After a century’s worth of lessons, government needs to stop picking the same loser
May 10, 2012 Leave a comment
Matt Garrington, Denver-based co-director of The Checks and Balances Project, offered the following statement and facts regarding today’s Subcommittee on Energy and Environment hearing discussing the failed energy source, oil shale.
“Chairman Hall and others have argued against clean energy, saying the government shouldn’t pick winners and losers. Yet today they’re holding a hearing on the all-time loser of energy sources, oil shale.
“For over a century, hundreds of millions of taxpayer dollars have been sunk into failed oil shale projects. Still, we have never had a viable commercial oil shale industry in this country.
“If the Science committee doesn’t think government should be in the business of picking winners and losers, they should stop wasting the taxpayer money on hearings to try and generate support for losers like oil shale.”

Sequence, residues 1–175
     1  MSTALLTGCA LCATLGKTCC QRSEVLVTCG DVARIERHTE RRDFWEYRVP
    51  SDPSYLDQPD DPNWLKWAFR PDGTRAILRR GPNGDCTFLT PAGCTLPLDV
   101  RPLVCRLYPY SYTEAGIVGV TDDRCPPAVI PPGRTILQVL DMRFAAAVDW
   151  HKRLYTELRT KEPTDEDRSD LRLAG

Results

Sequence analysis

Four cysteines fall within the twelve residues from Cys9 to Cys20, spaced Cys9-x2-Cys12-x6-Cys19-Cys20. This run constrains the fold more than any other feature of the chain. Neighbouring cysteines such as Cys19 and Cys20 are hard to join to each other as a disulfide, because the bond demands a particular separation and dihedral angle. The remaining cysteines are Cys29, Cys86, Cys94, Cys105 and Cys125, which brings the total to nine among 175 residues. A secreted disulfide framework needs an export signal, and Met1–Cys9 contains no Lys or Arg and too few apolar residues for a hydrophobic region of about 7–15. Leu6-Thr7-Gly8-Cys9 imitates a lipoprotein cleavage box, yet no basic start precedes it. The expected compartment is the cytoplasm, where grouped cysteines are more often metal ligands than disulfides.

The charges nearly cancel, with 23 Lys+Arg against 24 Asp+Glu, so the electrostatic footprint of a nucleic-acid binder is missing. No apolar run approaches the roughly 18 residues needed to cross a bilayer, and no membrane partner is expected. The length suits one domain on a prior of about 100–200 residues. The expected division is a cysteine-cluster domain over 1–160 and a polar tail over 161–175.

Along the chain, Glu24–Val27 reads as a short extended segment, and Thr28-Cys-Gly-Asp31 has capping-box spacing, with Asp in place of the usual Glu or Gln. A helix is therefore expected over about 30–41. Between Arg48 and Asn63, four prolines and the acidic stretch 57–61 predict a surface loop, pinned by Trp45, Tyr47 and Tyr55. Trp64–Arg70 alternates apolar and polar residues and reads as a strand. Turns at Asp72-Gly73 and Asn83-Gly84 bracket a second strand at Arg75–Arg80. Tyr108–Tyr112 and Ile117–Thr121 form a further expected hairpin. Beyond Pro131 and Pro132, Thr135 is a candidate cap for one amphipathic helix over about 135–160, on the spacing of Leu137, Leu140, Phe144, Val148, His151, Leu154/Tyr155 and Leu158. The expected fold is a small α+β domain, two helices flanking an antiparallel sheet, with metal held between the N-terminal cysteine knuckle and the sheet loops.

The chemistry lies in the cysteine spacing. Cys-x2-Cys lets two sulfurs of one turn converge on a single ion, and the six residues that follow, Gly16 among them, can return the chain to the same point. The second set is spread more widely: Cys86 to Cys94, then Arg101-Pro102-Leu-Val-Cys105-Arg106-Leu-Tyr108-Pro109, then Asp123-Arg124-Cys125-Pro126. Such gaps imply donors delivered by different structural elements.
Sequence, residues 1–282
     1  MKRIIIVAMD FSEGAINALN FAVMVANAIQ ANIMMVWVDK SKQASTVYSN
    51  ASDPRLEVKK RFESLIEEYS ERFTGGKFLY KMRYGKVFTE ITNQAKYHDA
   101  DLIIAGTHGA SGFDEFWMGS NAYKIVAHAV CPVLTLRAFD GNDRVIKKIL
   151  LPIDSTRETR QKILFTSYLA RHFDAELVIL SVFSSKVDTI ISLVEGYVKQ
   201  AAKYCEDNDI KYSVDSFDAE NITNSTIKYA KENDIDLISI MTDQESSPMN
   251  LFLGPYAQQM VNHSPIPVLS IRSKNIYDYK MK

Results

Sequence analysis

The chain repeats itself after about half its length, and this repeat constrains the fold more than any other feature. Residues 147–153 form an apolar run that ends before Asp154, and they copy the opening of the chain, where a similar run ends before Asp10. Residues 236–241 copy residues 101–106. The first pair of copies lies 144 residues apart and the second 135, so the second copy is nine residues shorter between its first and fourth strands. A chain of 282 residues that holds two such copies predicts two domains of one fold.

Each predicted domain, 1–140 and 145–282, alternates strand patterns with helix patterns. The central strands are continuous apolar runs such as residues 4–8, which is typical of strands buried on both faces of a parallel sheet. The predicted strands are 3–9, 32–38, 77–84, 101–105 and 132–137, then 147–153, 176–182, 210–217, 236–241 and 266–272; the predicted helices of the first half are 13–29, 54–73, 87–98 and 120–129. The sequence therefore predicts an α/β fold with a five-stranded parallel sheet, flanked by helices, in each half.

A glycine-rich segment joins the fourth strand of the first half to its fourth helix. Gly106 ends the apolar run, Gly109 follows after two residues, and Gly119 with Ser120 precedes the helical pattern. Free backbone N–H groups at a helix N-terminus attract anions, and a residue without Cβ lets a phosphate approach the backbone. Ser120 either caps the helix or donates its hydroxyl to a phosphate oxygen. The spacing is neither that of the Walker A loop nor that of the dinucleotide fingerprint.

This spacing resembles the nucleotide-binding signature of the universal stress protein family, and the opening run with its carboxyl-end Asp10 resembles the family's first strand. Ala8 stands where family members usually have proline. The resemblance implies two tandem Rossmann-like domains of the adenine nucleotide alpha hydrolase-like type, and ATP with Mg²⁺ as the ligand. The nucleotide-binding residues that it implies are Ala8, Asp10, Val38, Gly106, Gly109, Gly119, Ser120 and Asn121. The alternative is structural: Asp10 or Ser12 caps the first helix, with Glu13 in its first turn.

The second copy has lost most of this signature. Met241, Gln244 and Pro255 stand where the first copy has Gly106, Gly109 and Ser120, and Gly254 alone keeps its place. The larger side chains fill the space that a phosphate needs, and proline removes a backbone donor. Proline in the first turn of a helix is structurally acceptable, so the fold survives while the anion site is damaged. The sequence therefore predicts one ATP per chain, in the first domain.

- In 1981, the Reagan administration approved a $1.2 billion loan guarantee for Exxon’s Colony oil shale project on Colorado’s Western Slope. One year later, on May 2, 1982 – what became known as Black Sunday – Exxon announced it would abandon its involvement in the Colony project. Overnight, about 2,200 employees and thousands of others who had moved to the state to support a burgeoning oil shale industry were out of a job. The devastation to local communities and economies took decades to recover from.
- Unocal Corp.’s Parachute Creek project has been called the most successful oil shale venture in U.S. history. In this case, successful meant that over a decade, tens of millions of dollars in taxpayer subsidies were sunk into the project until Unocal called it quits in 1991. Parachute Creek’s energy production peaked at 1.5 million barrels, but even then Unocal still lost $7 million on the project.
- The House passed a bill sponsored by Rep. Doug Lamborn in February to sink more money into oil shale in return for the promise of royalties that would fund highway repairs. The Congressional Budget Office scored the oil shale bill as having “no effect on revenue,” and days after Rep. Lamborn’s bill passed, Chevron announced it was divesting its oil shale research in Colorado.